Serious games as an instructional tool

One way to go about providing learning content is to use serious games, games with a primary purpose beyond entertainment or enjoyment. Serious games can be both digital and analog instructional tools and have clear benefits when used to promote engagement and learning, especially so when used in a collaborative team setting. Moreover, serious games tick a lot of the boxes of fruitful instruction mentioned above. Play can create a believable, relatable experience that is perceived as close to reality, untangles complexities, promotes the sharing of knowledge across team members, and can be tailor-made to meet diverging needs for knowledge. Moreover, the serious game approach creates a riskless environment where players can actively and freely explore the practical application of relevant problem-solving and decision-making without fearing failure. This makes it easier to establish psychological safety and sound collaborative practices in the group, whilst diminishing the effects of pre-existing hierarchies.

Another benefit of using serious games is that play is inherently open to the exploration of different understandings and diverging solutions. Commonly when making strategic decisions based on IP, there is no one, correct answer – diverging paths can lead to the desired outcome. This is important to keep in mind when discussing these issues across different departments or people with different backgrounds. People have different perspectives, experiences, and knowledge that shape how they work, their ideas, and the solutions they propose. Being sensitive to differences and understanding that this is a strength of collaborative work, not a challenge to be overcome, is key for finding the right way to act. That is no easy task, however, and developing the capability to collaborate can itself be a worthwhile goal of using serious game simulations.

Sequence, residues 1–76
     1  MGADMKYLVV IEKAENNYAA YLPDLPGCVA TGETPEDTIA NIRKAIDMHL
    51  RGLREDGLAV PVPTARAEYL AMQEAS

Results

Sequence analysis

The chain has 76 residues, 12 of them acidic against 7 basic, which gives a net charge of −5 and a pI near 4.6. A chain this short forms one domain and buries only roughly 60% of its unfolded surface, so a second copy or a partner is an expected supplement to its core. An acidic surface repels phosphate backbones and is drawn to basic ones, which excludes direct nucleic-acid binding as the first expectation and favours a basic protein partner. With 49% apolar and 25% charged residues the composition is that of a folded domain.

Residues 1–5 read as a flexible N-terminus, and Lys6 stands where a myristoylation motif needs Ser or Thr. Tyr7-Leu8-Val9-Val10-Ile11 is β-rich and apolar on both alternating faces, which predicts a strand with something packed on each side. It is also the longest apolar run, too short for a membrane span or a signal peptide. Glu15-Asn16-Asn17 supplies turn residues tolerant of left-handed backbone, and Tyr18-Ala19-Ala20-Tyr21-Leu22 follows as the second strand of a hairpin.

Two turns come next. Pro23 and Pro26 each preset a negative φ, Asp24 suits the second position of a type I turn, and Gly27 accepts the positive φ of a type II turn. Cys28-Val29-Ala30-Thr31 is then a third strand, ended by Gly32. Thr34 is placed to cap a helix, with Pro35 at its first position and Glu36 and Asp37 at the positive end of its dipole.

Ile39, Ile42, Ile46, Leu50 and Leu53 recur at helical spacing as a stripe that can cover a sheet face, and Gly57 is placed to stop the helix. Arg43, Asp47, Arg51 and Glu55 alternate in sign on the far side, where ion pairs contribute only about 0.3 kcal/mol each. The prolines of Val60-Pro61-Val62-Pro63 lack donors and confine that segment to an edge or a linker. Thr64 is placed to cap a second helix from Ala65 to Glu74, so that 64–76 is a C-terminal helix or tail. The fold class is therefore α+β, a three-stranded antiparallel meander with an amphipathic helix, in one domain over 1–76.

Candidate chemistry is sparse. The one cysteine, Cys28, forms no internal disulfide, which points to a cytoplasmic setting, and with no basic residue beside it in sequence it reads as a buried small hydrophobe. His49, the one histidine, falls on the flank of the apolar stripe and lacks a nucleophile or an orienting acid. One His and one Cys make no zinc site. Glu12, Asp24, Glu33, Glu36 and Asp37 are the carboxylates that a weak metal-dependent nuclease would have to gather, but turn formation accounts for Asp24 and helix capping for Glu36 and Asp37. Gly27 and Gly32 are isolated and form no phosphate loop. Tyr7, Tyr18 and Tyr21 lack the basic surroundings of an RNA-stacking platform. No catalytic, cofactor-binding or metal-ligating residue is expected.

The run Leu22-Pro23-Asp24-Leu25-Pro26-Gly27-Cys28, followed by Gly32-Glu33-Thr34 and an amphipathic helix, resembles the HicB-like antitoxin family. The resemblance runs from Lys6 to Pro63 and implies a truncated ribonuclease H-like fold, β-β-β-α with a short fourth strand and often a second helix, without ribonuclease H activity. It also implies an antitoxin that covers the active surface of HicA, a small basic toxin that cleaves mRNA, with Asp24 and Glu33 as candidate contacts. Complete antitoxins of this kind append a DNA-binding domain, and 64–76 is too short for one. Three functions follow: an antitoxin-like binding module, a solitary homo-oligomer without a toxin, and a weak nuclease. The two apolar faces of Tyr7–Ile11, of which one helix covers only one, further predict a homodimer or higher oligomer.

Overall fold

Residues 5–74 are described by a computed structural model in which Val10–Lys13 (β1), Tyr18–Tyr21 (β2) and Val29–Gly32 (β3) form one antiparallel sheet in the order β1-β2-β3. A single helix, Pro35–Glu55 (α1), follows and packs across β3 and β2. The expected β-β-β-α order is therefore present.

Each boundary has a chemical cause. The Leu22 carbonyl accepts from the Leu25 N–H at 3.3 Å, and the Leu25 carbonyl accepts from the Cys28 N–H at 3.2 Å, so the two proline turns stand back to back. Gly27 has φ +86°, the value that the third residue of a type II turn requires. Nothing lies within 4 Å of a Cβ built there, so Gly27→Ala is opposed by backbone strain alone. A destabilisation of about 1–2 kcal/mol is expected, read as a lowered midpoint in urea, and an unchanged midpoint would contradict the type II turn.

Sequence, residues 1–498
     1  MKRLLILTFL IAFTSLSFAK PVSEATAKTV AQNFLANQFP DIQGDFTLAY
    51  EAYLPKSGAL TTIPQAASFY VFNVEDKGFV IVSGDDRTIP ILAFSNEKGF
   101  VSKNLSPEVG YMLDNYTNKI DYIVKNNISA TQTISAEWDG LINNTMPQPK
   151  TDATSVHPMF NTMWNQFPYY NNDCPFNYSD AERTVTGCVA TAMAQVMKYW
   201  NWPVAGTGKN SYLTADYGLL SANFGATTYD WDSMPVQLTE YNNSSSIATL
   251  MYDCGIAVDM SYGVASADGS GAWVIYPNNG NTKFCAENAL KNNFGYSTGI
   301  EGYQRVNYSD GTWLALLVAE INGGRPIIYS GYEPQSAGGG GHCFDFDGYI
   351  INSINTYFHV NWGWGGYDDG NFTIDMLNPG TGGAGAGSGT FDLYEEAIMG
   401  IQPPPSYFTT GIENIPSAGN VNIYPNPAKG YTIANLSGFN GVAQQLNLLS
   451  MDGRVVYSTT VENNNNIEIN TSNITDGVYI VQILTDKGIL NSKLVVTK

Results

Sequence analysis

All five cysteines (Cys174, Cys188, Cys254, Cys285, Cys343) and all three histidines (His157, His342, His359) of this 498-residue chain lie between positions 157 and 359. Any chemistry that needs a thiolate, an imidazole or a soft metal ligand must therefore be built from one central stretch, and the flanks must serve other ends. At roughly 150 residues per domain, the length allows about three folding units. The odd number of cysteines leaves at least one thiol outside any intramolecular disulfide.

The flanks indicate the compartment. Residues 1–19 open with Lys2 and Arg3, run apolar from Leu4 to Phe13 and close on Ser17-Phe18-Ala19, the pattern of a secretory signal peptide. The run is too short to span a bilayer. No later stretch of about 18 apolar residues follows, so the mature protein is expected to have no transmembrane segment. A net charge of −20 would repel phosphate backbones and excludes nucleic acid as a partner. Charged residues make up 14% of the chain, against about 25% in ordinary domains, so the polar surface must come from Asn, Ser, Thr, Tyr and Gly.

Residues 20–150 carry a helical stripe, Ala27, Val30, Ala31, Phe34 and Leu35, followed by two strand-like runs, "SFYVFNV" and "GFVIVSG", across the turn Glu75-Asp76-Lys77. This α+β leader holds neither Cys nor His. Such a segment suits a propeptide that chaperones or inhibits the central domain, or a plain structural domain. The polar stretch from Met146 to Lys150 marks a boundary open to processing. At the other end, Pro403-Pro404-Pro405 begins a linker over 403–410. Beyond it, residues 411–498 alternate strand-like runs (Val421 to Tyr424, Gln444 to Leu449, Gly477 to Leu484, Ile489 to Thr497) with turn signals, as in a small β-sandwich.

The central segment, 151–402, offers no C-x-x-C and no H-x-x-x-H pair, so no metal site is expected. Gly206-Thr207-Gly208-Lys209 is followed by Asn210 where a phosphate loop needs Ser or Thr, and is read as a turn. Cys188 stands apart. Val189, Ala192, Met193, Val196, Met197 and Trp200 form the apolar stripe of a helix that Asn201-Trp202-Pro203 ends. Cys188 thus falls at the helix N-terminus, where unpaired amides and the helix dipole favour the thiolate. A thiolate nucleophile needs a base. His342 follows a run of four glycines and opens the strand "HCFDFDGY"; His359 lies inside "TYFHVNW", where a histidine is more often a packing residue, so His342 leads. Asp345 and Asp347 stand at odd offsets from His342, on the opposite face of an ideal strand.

Final remarks

To sum up, the success of IP training hinges on figuring out the specific need to know, contextualizing the content to fit the learners, and setting relevant leaning objectives. Achieving these steps will make the training feel relevant to the learner and greatly improve the insights gained.

About the authors:

Magnus Hakvåg is CEO of House of Knowledge, a consultancy that offers strategic advice on how best to protect a company’s innovations and competitive advantages. An expert of over 20 years in innovation, IP/IPR and standards, Magnus served as Convenor of the ISO working group on innovation management terminology (leading to the publication of ISO 56000:2020) and was involved in the revision of the OECD Oslo Manual (4th edition, 2018). He was also part of the European Commission’s “Joint Initiative for Standardisation (Action 3) and is part of DG Grow AASTART (academics active in standardisation-related reseach and training) which highlights the need for standardization as an element of formal education, academic and vocational training, and has been a consultative body for the Norwegian Ministry of Trade and Commerce on IPR and standards. Magnus earned an MSc in Biophysics and Medical Technology from the Norwegian University of Science and Technology.

Håvard Almås is a researcher at House of Knowledge and an industrial Ph.D. candidate of organizational psychology jointly at the Norwegian University of Science and Technology (NTNU) and House of Knowledge. His research interests include collaborative learning, teamwork, engagement in play, serious games, and organizational development more broadly. Previously he has been engaged in research on the digital transformation of non-digital board games, the formation of learning experiences in serious games, and the emergence of collaboration in small player groups.